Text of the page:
5:29am

Thu October 25, 2012
Business Report

Louisville Still Optimistic Even After Phillips 66 Pulls Out

Oil company Phillips 66 announced last week it has canceled plans for a major facility in Louisville. The project was expected to generate 7,000 jobs and tens of millions of dollars in economic activity.

KUNC’s Erin O’Toole spoke with Boulder County Business Report staff writer Michael Davidson to learn more about the company’s decision.

Erin O’Toole: First of all, what was planned for Louisville?

Michael Davidson: Well, the story starts in 2008, back when Phillips 66 was part of ConocoPhillips, which was one of the largest oil and gas companies in the world. ConocoPhillips spent $55.6 million to buy 432 acres in Louisville, and it planned to build a research center on the land. ConocoPhillips said its scientists would be working on new types of fuels, and the company also planned to move its training center there.

The facility would have been huge, with plans for up to 2.5 million square feet of office and research space. That suggests ConocoPhillips intended to base a lot of employees there, and of course they would have spent money in the area’s shops and restaurants.

O’Toole: That sounds like it would have been a pretty big deal for Louisville and its neighbors.

Davidson: While projections always seem to be on the high side with these things, it still would have been a very big deal. And that’s why when ConocoPhillips announced its plans in 2008, the reaction of state and local leaders was ecstatic. Not only was this going to generate a lot of jobs on its own, it was expected to make the area a hub for energy research, both for clean energy and fossil fuels.

O’Toole: Yes, it all sounded very promising…  so, what happened?

Davidson: Phillips 66 and ConocoPhillips before it haven’t gone into a lot of detail about how it made its decision, but you can make some pretty educated guesses.

The most important thing was the Great Recession. Just like it hurt everyone, it hurt ConocoPhillips and oil companies too. The company’s revenue and stock price dropped, and that led it to re-examine its priorities. During that time it told Louisville, which had already approved preliminary site plans, it was delaying the project.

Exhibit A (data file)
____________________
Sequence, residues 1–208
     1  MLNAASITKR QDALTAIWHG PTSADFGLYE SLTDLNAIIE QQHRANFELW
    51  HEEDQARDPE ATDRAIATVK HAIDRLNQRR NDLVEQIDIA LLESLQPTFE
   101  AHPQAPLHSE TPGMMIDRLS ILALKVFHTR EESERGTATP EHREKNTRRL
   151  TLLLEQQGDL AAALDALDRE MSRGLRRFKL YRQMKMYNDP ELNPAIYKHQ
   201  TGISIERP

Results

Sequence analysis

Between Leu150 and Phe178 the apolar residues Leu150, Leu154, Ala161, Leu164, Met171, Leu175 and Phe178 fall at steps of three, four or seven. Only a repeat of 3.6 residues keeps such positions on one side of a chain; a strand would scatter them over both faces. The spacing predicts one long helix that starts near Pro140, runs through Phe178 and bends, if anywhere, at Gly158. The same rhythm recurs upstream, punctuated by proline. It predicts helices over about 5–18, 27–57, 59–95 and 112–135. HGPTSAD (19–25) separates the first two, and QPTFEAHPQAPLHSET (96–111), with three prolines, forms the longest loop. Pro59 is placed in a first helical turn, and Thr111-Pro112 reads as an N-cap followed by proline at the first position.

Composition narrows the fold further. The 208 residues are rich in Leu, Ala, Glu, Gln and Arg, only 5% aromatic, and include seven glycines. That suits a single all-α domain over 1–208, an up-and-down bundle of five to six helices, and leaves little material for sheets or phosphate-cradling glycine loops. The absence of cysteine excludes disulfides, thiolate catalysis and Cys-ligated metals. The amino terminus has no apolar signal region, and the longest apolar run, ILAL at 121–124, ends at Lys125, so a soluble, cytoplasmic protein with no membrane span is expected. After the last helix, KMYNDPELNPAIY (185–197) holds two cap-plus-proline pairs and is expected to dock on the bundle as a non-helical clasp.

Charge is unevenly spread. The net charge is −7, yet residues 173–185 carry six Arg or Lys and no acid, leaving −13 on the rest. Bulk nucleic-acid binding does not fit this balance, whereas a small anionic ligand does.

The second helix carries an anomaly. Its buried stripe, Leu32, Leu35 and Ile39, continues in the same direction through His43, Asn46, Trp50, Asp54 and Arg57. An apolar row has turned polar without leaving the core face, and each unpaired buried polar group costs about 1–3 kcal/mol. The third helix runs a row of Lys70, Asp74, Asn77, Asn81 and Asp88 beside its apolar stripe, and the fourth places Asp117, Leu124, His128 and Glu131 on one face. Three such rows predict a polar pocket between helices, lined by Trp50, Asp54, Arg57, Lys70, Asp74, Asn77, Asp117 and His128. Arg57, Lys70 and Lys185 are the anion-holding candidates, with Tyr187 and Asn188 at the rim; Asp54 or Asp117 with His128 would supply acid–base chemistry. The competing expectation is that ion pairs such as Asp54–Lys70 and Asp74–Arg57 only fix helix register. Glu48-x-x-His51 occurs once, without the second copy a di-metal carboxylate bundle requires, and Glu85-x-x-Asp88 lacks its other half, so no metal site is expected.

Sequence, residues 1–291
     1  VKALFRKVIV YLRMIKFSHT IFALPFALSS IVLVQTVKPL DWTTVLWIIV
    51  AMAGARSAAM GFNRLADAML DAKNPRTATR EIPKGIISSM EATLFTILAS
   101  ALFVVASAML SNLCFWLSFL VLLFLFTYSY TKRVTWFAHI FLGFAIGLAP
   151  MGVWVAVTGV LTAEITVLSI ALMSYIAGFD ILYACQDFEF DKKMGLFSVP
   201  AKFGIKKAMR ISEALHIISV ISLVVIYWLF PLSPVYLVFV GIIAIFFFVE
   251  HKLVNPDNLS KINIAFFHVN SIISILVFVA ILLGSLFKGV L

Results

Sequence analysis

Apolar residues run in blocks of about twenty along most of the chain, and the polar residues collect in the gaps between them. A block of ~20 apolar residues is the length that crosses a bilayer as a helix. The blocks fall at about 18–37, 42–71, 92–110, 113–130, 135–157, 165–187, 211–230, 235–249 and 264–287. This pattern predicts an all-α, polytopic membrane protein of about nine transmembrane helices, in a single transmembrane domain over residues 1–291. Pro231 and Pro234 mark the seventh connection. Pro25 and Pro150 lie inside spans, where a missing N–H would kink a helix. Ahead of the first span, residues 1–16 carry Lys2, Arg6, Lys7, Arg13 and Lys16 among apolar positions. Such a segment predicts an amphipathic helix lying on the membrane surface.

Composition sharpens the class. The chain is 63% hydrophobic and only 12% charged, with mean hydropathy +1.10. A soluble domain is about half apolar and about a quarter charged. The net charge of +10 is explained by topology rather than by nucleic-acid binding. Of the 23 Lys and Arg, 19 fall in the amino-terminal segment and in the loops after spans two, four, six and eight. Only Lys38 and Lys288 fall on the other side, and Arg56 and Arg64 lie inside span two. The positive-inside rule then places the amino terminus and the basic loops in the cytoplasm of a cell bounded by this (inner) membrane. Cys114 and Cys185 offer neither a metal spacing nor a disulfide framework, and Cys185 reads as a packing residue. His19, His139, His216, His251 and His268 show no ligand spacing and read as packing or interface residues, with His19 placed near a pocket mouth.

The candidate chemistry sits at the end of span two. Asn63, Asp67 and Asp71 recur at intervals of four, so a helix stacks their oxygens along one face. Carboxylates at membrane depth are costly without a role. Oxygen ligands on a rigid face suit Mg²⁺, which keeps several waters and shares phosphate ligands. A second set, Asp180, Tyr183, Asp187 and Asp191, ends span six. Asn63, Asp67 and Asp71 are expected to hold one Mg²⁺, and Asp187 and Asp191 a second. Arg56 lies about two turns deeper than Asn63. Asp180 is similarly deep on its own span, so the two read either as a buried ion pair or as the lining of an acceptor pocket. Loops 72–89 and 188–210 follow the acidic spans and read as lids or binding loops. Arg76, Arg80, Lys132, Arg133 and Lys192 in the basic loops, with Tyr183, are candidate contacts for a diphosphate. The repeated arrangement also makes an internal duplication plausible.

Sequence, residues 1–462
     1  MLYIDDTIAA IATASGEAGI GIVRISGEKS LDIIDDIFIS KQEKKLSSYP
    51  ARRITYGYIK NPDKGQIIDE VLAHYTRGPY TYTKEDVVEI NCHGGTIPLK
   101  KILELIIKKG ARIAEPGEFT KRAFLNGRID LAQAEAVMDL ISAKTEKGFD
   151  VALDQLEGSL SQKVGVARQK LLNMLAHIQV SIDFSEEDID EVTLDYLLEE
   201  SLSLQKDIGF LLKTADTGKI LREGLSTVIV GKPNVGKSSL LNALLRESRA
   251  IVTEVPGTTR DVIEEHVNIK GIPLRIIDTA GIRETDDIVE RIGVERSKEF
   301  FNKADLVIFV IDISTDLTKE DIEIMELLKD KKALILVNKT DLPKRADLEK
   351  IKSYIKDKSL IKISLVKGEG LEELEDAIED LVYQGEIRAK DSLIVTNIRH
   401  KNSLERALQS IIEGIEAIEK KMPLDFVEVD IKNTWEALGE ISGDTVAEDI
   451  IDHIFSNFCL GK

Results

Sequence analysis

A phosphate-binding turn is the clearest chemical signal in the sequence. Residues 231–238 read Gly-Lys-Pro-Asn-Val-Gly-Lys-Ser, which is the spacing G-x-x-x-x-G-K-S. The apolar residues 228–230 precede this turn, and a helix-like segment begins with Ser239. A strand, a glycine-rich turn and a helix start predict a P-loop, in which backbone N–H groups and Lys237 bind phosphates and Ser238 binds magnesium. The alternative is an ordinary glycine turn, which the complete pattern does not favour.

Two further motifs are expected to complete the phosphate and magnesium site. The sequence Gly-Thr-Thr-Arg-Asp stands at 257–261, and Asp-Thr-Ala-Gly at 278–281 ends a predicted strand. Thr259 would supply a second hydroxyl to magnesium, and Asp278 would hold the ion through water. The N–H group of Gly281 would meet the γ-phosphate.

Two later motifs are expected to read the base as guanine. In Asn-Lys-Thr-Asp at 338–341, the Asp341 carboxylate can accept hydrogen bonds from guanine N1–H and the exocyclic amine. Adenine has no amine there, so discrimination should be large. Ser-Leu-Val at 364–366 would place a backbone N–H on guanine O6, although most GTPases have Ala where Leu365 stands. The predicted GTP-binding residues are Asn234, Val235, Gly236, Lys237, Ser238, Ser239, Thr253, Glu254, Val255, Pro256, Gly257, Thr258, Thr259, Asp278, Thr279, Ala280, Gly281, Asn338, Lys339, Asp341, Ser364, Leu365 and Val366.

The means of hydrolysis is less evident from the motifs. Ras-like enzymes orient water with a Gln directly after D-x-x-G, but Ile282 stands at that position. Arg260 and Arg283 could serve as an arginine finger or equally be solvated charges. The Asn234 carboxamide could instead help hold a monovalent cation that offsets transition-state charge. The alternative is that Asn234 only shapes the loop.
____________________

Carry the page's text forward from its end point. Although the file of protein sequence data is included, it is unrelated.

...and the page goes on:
Then last year ConocoPhillips announced it was going to split into two companies. That led to the creation of Phillips 66, which, in the split, got the Louisville project. When that happened, local leaders began to really worry this wasn’t going to happen.

O’Toole: Why is that?

Davidson: The short answer is Phillips 66 doesn’t really need it, especially because the company is building a new headquarters in Houston. It just makes sense to put all that stuff at the new campus. 

O’Toole: So how are people responding to the news here?

Davidson: Better than I expected actually. Louisville’s elected officials are trying to look on the bright side. They say the impact will not be a major blow to the city. Meanwhile, economic development specialists have pointed out that these jobs would have been nice to have, but they never really were here, so it’s not going to be that big of a hit.

Also in the past year or so, there’s been a subtle shift in attitudes around the project. Up until last year, it seemed like every developer with a new apartment project or hotel project was talking about how it was going to benefit from ConocoPhillips. It was almost a cliché. Then last year, people stopped talking about it, but most of those projects seem to be going forward anyway.

O’Toole: A lot of people have been wondering - Does Phillips 66’s decision have a broader impact on the energy industry or the clean energy industry in Colorado?

Davidson: This project kind of got lumped in with work clean energy companies were doing, whether it fit together or not. If there’s a common thread, though, it’s that four or five years ago those industries looked really promising, and Colorado looked poised to be a leader in what then-Governor Bill Ritter called the "New Energy Economy." Several major companies announced they would build factories or R&D centers in Colorado.

Since then, those companies have faced tough times. Vestas, which makes wind turbines, has had substantial layoffs in its Colorado plants, and solar panel maker Abound Solar went bankrupt. But both those industries really are facing their own issues, I’d say, like competition from Chinese companies, the looming expiration of tax credits for wind energy, or just the cheap price of natural gas.

O’Toole: So Michael, does this mean we should close the book on the New Energy Economy?

Davidson: I would say that’s premature. All major industries see promising companies struggle and fold in their early days. But maybe it is a lesson that many of the things that will shape the clean energy industries can’t be controlled by people in Colorado.

O’Toole: Right. So what happens next in Louisville?

Davidson: Well, Phillips 66 is putting the land on the market, and the city hopes another major corporation buys it and turns it into a corporate campus. I guess then Louisville can go through this all over again… but hopefully with a happier result.

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